It goes without saying, but I'll say it regardless, that my Church of the Churchless blog posts reflect what I find interesting and what makes sense to me.
If you disagree with a post, naturally that's wonderful. You're you. I'm me. We're different people, so we're going to look at some things differently. Maybe a lot of things differently.
All I can do is explain myself as best I can, while all you can do is explain yourself as best you can in comments on my blog posts -- should you choose to do that.
So here's another try at explaining why I view mindfulness as being better than using a mantra, either in meditation or outside of meditation, which is what I did for the 35 years I embraced a mantra when I was devoted to the spiritual practice taught by Radha Soami Satsang Beas (RSSB).
I'll start by sharing what a friend said to me recently. She was meditating in the evening before going to bed. She likes the idea of oneness (as do I) and was getting frustrated with how her busy thoughts were keeping her from the inner quiet that she thought was needed to feel a sense of oneness.
Then a realization came over her: oneness means accepting everything, including her thoughts. Thus by viewing her thoughts as unwelcome, she was moving further away from oneness, while accepting them would bring her closer to oneness.
That happens to be a basic tenet of mindfulness, which typically is defined along this line: "a mental state achieved by focusing one's awareness on the present moment, while calmly acknowledging and accepting one's feelings, thoughts, and bodily sensations."
A mantra, on the other hand, generally is used as a means to stop thoughts other than the repetition of the mantra.
That can be a way to practice concentration, a laudable aim. But it comes with a cost, since obviously when the mantra is the focus of attention, that leaves the mantra-repeater with less of an ability to focus on other things, both outside in the world and inside their mind.
In the case of RSSB, this was taken to an extreme. The mantra was composed of the five names of supposed rulers of supernatural regions of reality. By repeating these "Five Holy Names," the idea was that the consciousness of the meditator would leave behind the physical world and enter a higher one.
Thus this is an example of a mantra being a world-denying technique. RSSB disciples also were supposed to repeat the mantra as much as possible during the rest of the day outside of meditation, so long as they didn't have to concentrate on other things.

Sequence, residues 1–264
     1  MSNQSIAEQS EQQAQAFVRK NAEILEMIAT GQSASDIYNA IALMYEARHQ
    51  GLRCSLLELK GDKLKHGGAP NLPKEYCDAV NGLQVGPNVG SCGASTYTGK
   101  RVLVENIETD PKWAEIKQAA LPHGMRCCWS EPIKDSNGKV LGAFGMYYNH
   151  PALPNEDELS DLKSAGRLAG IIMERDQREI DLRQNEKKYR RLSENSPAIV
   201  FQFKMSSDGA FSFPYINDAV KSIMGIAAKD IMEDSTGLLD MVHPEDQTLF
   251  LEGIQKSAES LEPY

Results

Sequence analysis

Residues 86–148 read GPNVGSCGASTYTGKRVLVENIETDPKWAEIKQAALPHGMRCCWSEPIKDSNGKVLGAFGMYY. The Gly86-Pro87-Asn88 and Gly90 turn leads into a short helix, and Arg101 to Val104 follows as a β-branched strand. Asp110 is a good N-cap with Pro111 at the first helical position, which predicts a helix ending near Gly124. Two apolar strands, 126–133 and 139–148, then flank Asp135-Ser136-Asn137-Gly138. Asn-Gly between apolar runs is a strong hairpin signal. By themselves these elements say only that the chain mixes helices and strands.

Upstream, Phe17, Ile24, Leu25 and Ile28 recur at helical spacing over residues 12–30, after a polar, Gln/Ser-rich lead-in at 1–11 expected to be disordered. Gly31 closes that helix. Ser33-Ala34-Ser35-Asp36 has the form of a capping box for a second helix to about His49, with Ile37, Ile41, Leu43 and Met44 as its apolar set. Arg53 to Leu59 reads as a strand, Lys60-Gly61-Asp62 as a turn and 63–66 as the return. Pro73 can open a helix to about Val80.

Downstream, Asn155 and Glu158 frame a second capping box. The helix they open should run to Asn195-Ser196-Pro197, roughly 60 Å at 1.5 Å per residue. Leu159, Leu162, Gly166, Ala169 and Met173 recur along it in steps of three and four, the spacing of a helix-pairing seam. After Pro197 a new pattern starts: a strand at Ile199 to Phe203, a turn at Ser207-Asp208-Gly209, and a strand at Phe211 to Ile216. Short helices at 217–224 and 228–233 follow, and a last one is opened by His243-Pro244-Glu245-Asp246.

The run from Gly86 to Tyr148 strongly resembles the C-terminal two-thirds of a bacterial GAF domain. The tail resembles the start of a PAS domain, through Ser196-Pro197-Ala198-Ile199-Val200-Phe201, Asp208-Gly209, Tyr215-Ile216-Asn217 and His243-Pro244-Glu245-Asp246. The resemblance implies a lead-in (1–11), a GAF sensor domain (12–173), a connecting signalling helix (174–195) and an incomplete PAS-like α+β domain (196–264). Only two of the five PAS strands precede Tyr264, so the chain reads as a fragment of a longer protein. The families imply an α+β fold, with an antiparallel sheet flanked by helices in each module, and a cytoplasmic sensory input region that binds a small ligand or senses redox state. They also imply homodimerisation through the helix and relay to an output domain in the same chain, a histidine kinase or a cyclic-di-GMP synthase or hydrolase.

The "so long as" echoes what I've been saying in both my previous post on this subject, and this one. By its very nature, a mantra prevents us from paying full attention both to things out there in the world, and to things in here in our mind.
Imagine having an intimate conversation with someone who, while you're talking about something important to you, is mentally repeating a mantra instead of closely listening to you. If their mantra is "God," they're saying God, God, God... with their inner voice rather than focusing on you and what you're saying.
Aside from being impolite, this shows that a mantra can divide us from the reality both outside and inside us. It isn't quite like a child yelling at a parent "I can't hear you! I can't hear you!" as they stick their fingers in their ears after being told it's time to get ready for bed.
But it's damn close to that. I know, because like I said, for 35 years I did my best to repeat my RSSB mantra when I didn't have to concentrate on something else during my time outside of mediation.
I'll admit that during the latter part of those 35 years I repeated the mantra less and less, since by that time I'd come to realize that repeating it was distancing me from other people, nature, and many other things.
That said, I understand why a mantra appeals to people. It's a simple way of meditating. It's easy to repeat a mantra. If you want to stop unwelcome thoughts, a mantra can be an effective way of doing this.
However, I've come to view a mantra as being akin to the hard style martial arts I embraced for about 13 years during my karate phase. It can knock down thoughts and feelings with a sort of brute force. Often effective, it isn't very elegant.
Mindfulness, on the other hand, is more difficult to learn than mantra meditation. It's akin to soft style martial arts like Tai Chi, which I've been practicing for the past 19 years. Mindfulness accepts whatever is present in reality, gently dealing with feelings, thoughts, and other things that need redirecting not through force, but by welcoming them as they are, then altering their direction with minimal exertion.
Again, though, you may disagree. This is just my experience.